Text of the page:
There is a limit to the power of positive thinking.
Positive thinking, in general terms, cannot overcome facts. And so it is, that two months after the election, it has been impossible for the current president of the United States to convince the country, and the world, that he has been re-elected to a second term. In the end, the numbers add up differently.
Declaring, “I won,” or even, “I won by a lot,” doesn’t make it so, no matter how many times it is repeated. What works in real estate, as a sales tactic, does not change the results when the conclusion is derived from simple counting, as is the case in elections.
More than half the country looks forward to a fresh start on the afternoon of January 20. Even a large part of the other half, will soon be forced to move on when the new president takes the oath for all the world to see.
There is still however a question about how the 45th president will behave once he leaves. Based on his behavior in office, it is difficult to see him receding to the sidelines, to be heard from only sporadically when world events require the wisdom of an elder statesman. He is not a statesman to begin with and wisdom was never his biggest selling point.
The history of his administration tells us to assume the worst. At base, we should expect to see him use social media to remain relevant in the public square, he is likely to stage rallies in an attempt to demonstrate that a large portion of the country recognizes him as their leader, he may try to build a media business to serve as a platform for a movement, he may continue to attempt to rule the Republican Party by demanding loyalty, and he may launch a 2024 campaign(serious or not) for president.
Whether he succeeds in any of this is dependent on three other forces in American life and how they shape public opinion. Those forces are; the news media, the Republican Party, and law enforcement. The months ahead will be a test for all three.
The news media has already been tested by the current administration. It has done its best to catalogue the daily lies and act as a governor on the powers of the presidential pulpit. But it has faced a basic challenge; whatever any president says is news, because the president, the most powerful leader in the world, says it. That changes on January 20. The power of his words will be greatly diminished unless the press continues to amplify his message by giving him unwarranted coverage.
There are already signs the news media is prepared to treat the 45th president differently when he leaves office. This was apparent two days after the election when most major news networks broke away from live coverage of one of his news conferences, because he was uttering a string of falsehoods. There has also been a greater tendency, since the election, to directly label his statements as false and — at times — ignore those statements altogether. For the good of the country, this approach to coverage must continue unless the former president is able to use other means to have a direct impact on public affairs or policy. His mere rantings cannot be allowed to carry the weight of actual news.
The Republican Party has an important role to play. And by “Republican Party” I mean both elected and non-elected Republicans, party operatives, and recognized current and former leaders. During the course of the administration, the leadership structure of the Republican Party has been too weak in calling out the president for his unorthodox, immoral, un-American and at times criminal behavior. That must end.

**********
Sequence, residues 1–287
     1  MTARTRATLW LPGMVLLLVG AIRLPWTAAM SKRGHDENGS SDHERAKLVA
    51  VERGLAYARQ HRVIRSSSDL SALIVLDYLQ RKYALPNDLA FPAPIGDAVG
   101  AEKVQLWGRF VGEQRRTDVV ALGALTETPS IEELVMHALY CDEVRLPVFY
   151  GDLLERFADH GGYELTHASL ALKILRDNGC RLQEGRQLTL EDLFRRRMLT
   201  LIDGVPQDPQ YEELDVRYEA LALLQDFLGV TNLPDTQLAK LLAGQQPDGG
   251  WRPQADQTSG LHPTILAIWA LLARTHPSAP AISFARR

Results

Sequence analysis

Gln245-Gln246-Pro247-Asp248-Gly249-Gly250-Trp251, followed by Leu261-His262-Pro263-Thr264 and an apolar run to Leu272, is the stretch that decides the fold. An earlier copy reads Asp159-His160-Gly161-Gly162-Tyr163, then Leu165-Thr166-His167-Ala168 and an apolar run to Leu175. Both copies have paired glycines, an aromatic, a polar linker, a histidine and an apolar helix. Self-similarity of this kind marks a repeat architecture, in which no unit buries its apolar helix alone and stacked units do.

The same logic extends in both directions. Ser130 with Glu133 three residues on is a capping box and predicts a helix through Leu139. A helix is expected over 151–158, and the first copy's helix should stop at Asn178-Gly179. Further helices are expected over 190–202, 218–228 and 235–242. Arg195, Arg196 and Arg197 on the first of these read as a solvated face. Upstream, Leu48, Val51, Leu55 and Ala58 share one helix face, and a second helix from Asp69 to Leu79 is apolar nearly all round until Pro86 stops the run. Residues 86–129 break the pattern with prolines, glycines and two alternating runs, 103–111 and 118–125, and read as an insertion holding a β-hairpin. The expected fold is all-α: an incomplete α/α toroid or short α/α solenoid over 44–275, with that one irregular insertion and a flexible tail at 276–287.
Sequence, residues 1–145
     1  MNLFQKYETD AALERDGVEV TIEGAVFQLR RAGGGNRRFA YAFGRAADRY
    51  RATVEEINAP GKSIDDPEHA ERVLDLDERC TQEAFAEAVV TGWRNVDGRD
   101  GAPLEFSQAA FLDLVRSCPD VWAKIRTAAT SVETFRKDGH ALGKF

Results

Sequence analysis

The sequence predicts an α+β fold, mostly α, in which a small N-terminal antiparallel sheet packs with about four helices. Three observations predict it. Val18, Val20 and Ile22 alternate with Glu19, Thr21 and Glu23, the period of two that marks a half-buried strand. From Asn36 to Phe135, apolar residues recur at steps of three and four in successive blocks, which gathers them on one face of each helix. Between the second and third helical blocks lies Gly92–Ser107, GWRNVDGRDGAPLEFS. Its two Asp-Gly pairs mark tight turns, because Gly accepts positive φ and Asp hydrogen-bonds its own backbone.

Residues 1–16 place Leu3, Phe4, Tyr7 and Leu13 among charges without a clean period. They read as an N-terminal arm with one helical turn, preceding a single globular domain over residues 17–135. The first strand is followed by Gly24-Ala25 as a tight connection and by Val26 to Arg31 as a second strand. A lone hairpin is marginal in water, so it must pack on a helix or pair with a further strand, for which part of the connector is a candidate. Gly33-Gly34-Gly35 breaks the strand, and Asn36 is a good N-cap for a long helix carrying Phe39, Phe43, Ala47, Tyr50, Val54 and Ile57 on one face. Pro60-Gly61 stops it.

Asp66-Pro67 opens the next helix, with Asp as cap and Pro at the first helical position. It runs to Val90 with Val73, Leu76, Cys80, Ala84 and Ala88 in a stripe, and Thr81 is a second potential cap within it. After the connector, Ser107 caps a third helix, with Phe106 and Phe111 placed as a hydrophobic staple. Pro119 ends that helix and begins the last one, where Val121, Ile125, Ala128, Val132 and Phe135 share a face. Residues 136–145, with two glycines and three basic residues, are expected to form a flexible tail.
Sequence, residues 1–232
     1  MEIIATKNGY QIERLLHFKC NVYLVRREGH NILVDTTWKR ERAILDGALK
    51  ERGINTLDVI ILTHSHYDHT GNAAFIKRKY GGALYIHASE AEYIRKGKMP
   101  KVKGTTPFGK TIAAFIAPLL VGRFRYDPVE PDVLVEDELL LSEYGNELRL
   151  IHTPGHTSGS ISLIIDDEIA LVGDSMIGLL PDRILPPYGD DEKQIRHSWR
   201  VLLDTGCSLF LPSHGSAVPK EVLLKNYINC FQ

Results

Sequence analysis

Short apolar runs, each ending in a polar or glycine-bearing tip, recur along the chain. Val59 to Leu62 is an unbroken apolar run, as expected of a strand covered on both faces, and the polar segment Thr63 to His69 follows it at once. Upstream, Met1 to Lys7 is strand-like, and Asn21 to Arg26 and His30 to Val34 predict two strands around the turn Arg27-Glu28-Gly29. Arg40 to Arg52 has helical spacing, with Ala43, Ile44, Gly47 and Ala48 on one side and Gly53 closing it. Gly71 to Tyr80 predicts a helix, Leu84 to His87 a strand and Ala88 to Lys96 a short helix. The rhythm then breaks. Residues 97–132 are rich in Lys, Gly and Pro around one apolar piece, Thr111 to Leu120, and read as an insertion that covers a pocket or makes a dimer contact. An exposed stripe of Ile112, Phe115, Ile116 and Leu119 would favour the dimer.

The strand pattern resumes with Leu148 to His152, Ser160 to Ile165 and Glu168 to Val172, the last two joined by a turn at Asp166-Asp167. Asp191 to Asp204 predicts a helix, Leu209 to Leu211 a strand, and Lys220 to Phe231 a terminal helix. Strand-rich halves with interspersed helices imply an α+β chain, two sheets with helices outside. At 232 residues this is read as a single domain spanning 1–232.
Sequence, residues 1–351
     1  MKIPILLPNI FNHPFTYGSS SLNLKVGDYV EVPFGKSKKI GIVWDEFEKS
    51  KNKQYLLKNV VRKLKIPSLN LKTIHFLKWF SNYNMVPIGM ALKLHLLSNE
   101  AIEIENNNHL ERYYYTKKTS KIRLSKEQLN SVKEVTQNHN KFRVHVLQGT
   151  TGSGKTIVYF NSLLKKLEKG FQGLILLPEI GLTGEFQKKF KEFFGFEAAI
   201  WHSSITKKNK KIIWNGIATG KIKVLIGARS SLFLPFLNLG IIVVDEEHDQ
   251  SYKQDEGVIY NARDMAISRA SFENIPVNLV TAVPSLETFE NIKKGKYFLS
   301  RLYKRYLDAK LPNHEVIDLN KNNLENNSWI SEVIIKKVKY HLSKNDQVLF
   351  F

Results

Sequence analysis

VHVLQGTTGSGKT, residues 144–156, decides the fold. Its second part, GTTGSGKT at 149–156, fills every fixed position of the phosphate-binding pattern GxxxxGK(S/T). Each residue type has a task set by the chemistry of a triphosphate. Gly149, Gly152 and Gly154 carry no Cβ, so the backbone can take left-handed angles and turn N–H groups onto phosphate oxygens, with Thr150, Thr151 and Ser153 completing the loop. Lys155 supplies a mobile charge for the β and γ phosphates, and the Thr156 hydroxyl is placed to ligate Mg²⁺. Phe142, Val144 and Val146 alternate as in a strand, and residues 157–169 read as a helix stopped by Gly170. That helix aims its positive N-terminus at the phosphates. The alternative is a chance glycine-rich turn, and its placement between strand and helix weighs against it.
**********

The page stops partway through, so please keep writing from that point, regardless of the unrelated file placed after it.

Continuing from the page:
Republicans who see themselves running for president in four years must cease their public fealty to the former president. They must make a case to his followers that he not only failed to deliver on most of his promises, but that he has nearly(if not already) destroyed what was the Republican Party. The leaders of any new Republican Party need to put the truth first, and fear of losing the former president’s base at the end of their list of concerns. If they do not do so they are un-worthy of any leadership role.
The news media and the Republican Party operate largely in the same arena. The arena of public opinion. The third force in American life, that could make any future political career for the out-going president impossible, is the criminal justice system.
State prosecutors in New York certainly have the out-going president in their sights based on what we know about current investigations. Federal prosecutors, led by an attorney general appointed by President Biden, will be left to decide whether to pursue the 45th president on federal charges stemming from the Mueller investigation, or his attempts to undermine the results of the 2020 election.
The decision about whether to prosecute a former president on federal charges is highly political. There is almost no way such a prosecution could be seen as fair based on the polarized nature of the electorate and the way in which the out-going president sought to politicize the U.S. Justice Department. It is likely that any new attorney general will need to appoint a third party — seen as un-biased — to review the facts(beginning with the Mueller Report) to determine if federal prosecution is warranted.
The out-going president will continue to try to be a force in American politics. It is up to us to decide whether he is successful. But before the average citizen makes a decision for himself or herself, these three institutions of U.S. democracy; the press, the Republican Party, and the criminal justice system — all have a major role to play in determining the context of his attempted comeback.